The specific goals of this project are to (1) develop computational strategies to efficiently predict and simulate proton transfer for amino acids and other bio molecules (2) describe generic mechanisms of proton transfer in proteins, based on simulations of ion pumps and other proton-coupled transmembrane transporters (3) describe the role of protons in the transmembrane transport of other ions, such as Na+ and K+ (4) to delineate the proton transfer pathways which lead to the specific sites that protons bind to in transmembrane transporters, specifically the Na+ K+ ATPase (NKA) and the H+ K+ ATPase (HKA) pumps and (6) to re-interpret crystallography and biochemical data on ion pumps in the light of the new proton transport simulations (protonation states are impossible to predict in crystal structures).The movement of protons within proteins is a key enzymatic process involved in several cellularfunctions such as photosynthesis, electron transport chains in mitochondria, ion pumping andacidification of stomach and cellular compartments to name a few. Computational treatment ofproton movement in proteins has proven refractory because of many factors. In this project, we propose to develop a new hybrid computational method to investigate proton transfer in complex proteins. Such a method will enable researchers to efficiently explore proton transfer in a large variety of biological complexes, as well as in non-biological systems such as fuel cell polymer membranes.The project will unravel the molecular mechanism of action of ion transporters, and other proteins involved in proton-coupled reactions or transport. We will obtain both “molecular movies” of ion and proton transport, and quantitative thermodynamics descriptions of the ion and/or substrate transport process.The project will constantly interface with state-of-the-art experimental measurements in the laboratories of collaborators. We will work together with experts in Finland, Aarhus and SDU.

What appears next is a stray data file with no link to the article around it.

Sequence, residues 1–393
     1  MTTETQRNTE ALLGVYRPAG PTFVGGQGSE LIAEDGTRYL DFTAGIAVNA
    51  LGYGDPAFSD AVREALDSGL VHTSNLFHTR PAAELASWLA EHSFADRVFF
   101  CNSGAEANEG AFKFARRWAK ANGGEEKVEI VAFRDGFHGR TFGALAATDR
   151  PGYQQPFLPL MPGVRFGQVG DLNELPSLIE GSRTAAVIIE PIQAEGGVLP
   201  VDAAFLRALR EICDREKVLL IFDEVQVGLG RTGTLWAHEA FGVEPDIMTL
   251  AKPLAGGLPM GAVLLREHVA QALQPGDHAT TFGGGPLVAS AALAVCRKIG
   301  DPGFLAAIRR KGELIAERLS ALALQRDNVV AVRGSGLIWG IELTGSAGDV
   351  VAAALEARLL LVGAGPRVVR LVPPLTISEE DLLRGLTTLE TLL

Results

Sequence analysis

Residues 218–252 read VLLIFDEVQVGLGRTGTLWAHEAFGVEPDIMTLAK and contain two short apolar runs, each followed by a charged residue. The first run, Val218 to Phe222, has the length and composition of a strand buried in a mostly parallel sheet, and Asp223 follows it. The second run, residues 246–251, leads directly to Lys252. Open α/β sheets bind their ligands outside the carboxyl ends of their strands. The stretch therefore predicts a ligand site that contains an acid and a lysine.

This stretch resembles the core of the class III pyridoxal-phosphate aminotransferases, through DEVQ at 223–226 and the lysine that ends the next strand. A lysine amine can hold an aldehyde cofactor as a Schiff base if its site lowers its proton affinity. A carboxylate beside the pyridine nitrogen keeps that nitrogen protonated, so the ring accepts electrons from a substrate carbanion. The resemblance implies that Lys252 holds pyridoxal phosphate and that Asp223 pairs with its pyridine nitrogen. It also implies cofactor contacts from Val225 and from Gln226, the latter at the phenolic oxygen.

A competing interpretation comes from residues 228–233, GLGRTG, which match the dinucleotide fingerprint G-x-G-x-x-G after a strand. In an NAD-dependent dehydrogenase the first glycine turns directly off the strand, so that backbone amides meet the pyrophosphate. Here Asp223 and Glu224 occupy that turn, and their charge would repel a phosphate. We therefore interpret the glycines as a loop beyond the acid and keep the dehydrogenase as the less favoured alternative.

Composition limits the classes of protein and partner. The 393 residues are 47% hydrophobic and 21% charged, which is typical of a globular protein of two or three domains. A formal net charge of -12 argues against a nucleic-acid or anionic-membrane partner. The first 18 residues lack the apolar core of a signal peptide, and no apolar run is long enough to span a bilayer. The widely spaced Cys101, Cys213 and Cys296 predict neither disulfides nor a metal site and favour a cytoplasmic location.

|Effective start/end date||01/05/2015 → 31/10/2017|